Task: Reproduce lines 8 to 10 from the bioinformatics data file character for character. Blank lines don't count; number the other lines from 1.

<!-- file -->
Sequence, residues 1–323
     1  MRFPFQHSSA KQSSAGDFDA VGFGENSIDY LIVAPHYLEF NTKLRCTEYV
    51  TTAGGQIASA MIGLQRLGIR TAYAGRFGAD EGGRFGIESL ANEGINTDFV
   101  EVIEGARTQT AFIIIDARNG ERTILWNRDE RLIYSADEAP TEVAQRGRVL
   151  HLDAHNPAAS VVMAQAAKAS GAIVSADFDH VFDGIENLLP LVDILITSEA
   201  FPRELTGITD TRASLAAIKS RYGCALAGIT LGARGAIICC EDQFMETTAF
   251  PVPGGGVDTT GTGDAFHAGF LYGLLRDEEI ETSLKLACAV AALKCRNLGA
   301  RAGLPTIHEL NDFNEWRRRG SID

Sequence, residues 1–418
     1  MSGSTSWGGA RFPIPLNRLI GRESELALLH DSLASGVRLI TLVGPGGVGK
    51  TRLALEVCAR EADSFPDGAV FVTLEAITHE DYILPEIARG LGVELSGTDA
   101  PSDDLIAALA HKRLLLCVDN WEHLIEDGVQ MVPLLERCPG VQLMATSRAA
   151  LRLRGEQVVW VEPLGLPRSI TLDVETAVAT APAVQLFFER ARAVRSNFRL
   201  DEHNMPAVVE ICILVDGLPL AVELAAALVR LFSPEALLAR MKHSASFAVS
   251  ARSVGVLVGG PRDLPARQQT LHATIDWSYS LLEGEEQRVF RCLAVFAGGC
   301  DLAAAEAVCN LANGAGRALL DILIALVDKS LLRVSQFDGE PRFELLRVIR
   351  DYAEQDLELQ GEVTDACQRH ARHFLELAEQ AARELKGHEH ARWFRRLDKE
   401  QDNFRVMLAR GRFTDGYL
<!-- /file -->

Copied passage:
   301  RAGLPTIHEL NDFNEWRRRG SID

Sequence, residues 1–418
     1  MSGSTSWGGA RFPIPLNRLI GRESELALLH DSLASGVRLI TLVGPGGVGK